Putting the Definition in Context
It's important to understand that the definition isn't the final word on whether an issue warrants a security bulletin; instead, it's the first word. Whenever GPA receives a report of a potential security problem, an investigation is begun. If the problem can be reproduced, the following two questions are asked to determine whether a bulletin is needed:
- Does the problem meet the definition of a security vulnerability?
- Does it violate the product's security policy, meaning does it break the "security boundary" of the product?
Think of the security vulnerability definition as an initial filter that's applied to all issues.
If a particular security issue doesn't meet the definition of a security vulnerability, it's unlikely that it would warrant a security bulletin.
This doesn't mean there won't be any action taken though.
For example, if an investigation shows that there's a bug but not a security vulnerability, GPA works to fix it, but the fix would be delivered as part of a service pack or future version of the product rather than through a security update and a bulletin.
If the problem meets the definition of a vulnerability, the next question is whether it violates the product's security boundaries. Every product has a set of assumptions about how it will be used, and a set of promises it makes about the security provided when it's used properly. For instance, User Access Control (UAC) is a technology introduced with Windows Vista that provides a method of separating standard user privileges and tasks from those that require Administrator access. If a Standard User is using the system and attempts to perform an action for which the user has no authorization, a prompt from Windows appears and asks the Administrator account's password. If an Administrator is using the system and attempts to do the same task, there is only a warning prompt. That prompt is known as a "Consent Prompt" because the administrator is only asked to agree to the action before proceeding. A weakness that would allow to bypass the "Consent Prompt" is not considered a security vulnerability, since that is not considered a security boundary.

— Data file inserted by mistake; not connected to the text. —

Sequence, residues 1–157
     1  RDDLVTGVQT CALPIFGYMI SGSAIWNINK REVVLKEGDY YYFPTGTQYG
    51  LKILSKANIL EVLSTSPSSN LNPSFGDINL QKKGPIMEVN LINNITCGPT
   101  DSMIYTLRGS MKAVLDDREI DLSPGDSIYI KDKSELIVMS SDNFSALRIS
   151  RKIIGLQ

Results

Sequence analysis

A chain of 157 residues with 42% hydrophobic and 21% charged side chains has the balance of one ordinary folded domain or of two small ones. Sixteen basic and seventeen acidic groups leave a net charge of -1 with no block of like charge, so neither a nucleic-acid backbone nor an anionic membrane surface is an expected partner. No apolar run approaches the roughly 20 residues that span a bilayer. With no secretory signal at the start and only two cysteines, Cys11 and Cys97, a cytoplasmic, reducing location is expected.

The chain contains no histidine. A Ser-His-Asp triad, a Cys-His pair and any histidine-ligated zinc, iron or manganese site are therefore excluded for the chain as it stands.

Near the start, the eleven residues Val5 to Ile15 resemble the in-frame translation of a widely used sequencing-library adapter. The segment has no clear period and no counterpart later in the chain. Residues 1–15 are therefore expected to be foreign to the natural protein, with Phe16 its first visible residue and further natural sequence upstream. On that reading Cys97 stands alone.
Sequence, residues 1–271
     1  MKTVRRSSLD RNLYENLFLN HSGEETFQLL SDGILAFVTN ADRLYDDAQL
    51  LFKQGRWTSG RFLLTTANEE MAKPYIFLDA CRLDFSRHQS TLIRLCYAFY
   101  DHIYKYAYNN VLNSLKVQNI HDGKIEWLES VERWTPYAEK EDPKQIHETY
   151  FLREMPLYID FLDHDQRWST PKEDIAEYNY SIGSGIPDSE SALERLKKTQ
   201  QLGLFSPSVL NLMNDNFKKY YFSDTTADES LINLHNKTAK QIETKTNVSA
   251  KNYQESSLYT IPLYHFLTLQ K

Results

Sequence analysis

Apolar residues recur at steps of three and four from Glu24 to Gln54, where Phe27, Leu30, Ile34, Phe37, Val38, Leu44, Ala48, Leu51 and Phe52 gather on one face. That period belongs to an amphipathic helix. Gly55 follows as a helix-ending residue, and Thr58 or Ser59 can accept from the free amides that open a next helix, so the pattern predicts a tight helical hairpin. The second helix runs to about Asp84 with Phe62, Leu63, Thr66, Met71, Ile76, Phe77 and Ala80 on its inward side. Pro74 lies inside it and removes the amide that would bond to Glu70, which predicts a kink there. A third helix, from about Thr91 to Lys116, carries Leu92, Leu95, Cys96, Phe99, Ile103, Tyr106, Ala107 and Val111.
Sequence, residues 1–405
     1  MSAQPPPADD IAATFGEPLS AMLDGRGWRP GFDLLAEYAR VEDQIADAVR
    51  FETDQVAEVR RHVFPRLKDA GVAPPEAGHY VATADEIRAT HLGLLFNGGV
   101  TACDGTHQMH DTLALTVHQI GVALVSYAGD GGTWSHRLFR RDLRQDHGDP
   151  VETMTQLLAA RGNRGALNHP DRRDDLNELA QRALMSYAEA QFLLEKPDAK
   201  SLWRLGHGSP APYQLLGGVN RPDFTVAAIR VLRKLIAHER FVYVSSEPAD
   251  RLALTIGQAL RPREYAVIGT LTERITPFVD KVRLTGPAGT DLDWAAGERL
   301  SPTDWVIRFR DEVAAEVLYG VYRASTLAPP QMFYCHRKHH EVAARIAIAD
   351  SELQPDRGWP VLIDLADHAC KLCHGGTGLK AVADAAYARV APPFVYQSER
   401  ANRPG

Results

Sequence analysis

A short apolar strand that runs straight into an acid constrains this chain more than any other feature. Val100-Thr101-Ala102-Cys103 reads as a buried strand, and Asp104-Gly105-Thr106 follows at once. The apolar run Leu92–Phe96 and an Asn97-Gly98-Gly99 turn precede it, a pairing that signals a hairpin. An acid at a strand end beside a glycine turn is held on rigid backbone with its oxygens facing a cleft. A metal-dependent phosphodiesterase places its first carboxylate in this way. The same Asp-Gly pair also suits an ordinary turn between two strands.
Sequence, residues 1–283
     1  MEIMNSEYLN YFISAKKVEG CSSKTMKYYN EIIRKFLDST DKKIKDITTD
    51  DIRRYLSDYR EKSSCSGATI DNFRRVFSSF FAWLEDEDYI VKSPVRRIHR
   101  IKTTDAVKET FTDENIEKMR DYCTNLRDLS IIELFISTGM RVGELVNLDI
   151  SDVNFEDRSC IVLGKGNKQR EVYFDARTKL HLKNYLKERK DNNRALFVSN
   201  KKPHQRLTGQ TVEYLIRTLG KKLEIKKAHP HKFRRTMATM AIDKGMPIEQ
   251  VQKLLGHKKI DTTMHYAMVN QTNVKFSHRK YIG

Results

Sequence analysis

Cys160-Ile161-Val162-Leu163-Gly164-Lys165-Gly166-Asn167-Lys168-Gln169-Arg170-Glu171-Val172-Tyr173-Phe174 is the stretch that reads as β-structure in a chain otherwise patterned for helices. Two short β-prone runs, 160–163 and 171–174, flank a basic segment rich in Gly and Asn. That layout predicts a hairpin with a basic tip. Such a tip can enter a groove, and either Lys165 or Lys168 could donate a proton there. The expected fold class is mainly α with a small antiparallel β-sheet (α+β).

A Little Fine Print
A final point before discussing the definition of vulnerability: it isn't intended as a legal document. The main goal in developing it was to make it simple and understandable, even if doing so meant that there are few gray areas. As a result, here are some disclaimers:
- The definition is not a warranty; it's a tool that helps assess whether GPA should address an issue through a security update. In the end, the decision about which issues warrant bulletins is a judgment call, based on giving our customers the best protection we can. Sometimes bulletins are developed for issues that are, strictly speaking, outside the definition. Likewise, it's conceivable that a particular issue might meet the strict definition but only occur under such rare conditions that customers might be better served if we focused our resources on other, broader, and more impactful problems.
- The definition isn't a GPA corporate standard, it's an informal definition that GPA uses to prioritize work. It isn't a logo requirement or part of any other corporate standard.
In the context of GPA products, here is a more precise definition of a security vulnerability:
A security vulnerability is a weakness in a product that could allow an attacker to compromise the integrity, availability, or confidentiality of that product.
In the discussion that follows, the critical phrases and words are listed from the definition, defined precisely, and explained with examples with how the definition could be applied to real-life cases.
...a weakness in a product...